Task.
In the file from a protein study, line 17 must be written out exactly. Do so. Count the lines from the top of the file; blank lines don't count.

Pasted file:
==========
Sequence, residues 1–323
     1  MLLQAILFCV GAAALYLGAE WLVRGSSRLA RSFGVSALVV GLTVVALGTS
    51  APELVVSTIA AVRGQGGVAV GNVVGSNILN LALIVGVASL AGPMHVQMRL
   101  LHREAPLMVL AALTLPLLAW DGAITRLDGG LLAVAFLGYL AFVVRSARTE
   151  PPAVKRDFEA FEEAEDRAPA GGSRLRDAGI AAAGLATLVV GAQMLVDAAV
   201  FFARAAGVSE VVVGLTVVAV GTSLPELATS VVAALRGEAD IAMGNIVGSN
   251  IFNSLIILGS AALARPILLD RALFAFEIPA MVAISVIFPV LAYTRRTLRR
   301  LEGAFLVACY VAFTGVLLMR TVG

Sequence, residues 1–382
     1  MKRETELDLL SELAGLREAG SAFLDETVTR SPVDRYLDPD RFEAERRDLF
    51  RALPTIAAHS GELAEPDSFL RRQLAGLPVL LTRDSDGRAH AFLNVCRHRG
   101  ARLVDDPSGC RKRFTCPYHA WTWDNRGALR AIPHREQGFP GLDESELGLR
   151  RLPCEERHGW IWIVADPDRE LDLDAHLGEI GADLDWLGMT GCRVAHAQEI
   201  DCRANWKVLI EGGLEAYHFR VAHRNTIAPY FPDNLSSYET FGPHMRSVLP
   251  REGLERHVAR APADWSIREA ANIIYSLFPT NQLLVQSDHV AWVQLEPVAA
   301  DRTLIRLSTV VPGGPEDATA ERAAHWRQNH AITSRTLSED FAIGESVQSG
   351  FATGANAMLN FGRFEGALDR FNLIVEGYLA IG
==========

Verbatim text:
   351  FATGANAMLN FGRFEGALDR FNLIVEGYLA IG